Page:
The polymers described herein can be made conveniently by a conventional ester interchange reaction. A preferred procedure involves heating the dimethyl ester of terephthalic acid with a long chain glycol and a molar excess of 1,4-butanediol in the presence of a catalyst at ISO-260 C. while distilling off methanol formed by the ester interchange. Depending on temperature, catalyst, glycol excess, and equipment, this reaction can be completed within a-few minutes to a few hours. This procedure results in the preparation of a low molecular weight prepolymer which can be carried to a high molecular weight copolyester of this invention by the procedure described below. Such prepolymers can also be prepared by a number of alternate esterification or ester interchange processes; for example, the long chain glycol can be reacted with a high or low molecular weight short chain ester homopolymer or copolymer in the presence of catalyst until randomization occurs. The short chain ester homopolymer or copolymer can be prepared by ester interchange from either the dimethyl esters and low molecular weight diols, as above, or from the free acids with the diol acetates. Alternatively, the short chain ester copolymer can be prepared by direct esterification from appropriate acids, anhydrides, or acid chlorides, for example, with diols or by other processes such as reaction of the acids with cyclic ethers or carbonates. Obviously, the prepolymer might also be prepared by running these processes in the presence of the long chain glycol.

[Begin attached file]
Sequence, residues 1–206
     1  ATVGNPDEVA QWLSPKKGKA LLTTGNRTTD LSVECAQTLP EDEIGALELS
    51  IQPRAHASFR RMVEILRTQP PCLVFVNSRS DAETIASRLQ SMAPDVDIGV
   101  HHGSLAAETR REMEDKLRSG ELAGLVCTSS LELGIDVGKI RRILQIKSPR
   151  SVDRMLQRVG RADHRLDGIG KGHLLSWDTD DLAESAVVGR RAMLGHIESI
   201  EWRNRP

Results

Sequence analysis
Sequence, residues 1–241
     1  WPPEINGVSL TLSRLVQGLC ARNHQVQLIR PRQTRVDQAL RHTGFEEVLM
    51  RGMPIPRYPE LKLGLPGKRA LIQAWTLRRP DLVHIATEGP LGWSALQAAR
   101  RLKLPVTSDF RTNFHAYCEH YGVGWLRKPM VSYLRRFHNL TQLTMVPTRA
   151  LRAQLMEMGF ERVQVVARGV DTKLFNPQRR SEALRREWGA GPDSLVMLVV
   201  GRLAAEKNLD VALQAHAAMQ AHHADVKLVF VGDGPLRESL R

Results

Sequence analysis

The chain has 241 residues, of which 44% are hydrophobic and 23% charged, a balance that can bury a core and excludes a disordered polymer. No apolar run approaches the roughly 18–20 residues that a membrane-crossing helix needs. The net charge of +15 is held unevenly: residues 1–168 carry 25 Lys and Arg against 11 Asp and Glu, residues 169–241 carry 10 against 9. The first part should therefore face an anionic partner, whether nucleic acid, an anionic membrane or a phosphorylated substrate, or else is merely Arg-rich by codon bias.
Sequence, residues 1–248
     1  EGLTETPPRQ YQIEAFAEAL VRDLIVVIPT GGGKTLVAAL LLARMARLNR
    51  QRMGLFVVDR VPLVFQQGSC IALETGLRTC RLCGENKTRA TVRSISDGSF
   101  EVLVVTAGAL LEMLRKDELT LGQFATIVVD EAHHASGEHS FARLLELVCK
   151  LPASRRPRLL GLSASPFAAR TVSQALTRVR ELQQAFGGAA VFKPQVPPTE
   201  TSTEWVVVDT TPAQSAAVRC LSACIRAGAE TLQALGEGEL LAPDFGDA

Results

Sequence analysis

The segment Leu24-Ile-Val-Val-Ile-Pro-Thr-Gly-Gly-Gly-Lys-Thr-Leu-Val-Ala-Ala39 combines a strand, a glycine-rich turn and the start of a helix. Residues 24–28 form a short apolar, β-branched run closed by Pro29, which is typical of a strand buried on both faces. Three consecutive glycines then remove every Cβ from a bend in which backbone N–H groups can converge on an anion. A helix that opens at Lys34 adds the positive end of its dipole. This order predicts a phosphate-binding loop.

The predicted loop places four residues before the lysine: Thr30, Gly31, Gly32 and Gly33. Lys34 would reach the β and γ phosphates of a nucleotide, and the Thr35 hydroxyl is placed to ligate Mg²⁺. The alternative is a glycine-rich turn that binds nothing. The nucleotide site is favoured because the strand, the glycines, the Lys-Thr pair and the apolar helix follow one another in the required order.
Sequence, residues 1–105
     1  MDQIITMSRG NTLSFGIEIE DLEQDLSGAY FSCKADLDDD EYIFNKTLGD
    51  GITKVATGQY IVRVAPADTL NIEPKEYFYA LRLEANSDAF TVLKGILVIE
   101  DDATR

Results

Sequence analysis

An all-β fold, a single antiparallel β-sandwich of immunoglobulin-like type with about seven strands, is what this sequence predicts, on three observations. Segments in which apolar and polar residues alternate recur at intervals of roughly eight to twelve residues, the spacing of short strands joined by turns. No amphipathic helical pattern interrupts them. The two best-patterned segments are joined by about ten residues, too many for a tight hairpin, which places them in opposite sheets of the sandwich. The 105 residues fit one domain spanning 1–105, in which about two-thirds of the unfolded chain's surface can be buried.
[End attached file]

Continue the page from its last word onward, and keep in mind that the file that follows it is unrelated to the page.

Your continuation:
The resulting prepolymer is then carried to high molecular Weight by distillation of the excess of short chain diol. This process is known as polycondensation. Additional ester interchange occurs during this distillation to increase the molecular weight and to randomize the arrangement of the copolyester units. Best results are usually obtained if this final distillation or polycondensation is run at less than 1 mm. pressure and 240260 C. for less than 2 hours in the presence of antioxidants such as sym-di-beta-naphthyl-p-phenylenediamine and 1,3,5- trimethyl-2,4,6-tris[3,5 ditertiarybutyl 4 hydroxybenzyl1benzene. Most practical polymerization techniques rely upon ester interchange to complete the polymerization reaction. In order to avoid excessive hold time at high temperatures with possible irreversible thermal degradation, a catalyst for the ester interchange reaction should be employed. While a wide variety of catalysts can be used, organic titanates such as tetrabutyl titanate used alone or in combination with magnesium or calcium acetates are preferred. Complex titanates, such as Mg[I-ITi(OR) derived from alkali or alkaline earth metal alkoxides and titanate esters are also very effective. Inorganic titanates, such as lanthanum titanate, calcium acetate/ antimony trioxide mixtures and lithium and magnesium alkoxides are representative of other catalysts which can be used.
Ester interchange polymerizations are generally run in the melt without added solvent, but inert solvents can be used to facilitate removal of volatile components from the mass at low temperatures. This technique is especially valuable during prepolymer preparation, for example, by direct esterification. However, certain low molecular weight diols, for example, butanediol in terphenyl, are conveniently removed during high polymerization by azeotropic distillation. Other special polymerization techniques, for example, interfacial polymerization of hisphenol with bisacylhalides and bisacylhalide capped linear diols, may prove useful for preparation of specific polymers. Both batch and continuous methods can be used for any stage of copolyester polymer preparation. Polycondensation of prepolymer can also be accomplished in the solid phase by heating divided solid prepolymer in a vacuum or in a stream of inert gas to remove liberated low molecular weight diol. This method has the advantage of reducing degradation because it must be used at temperatures below the softening point of the prepolymer.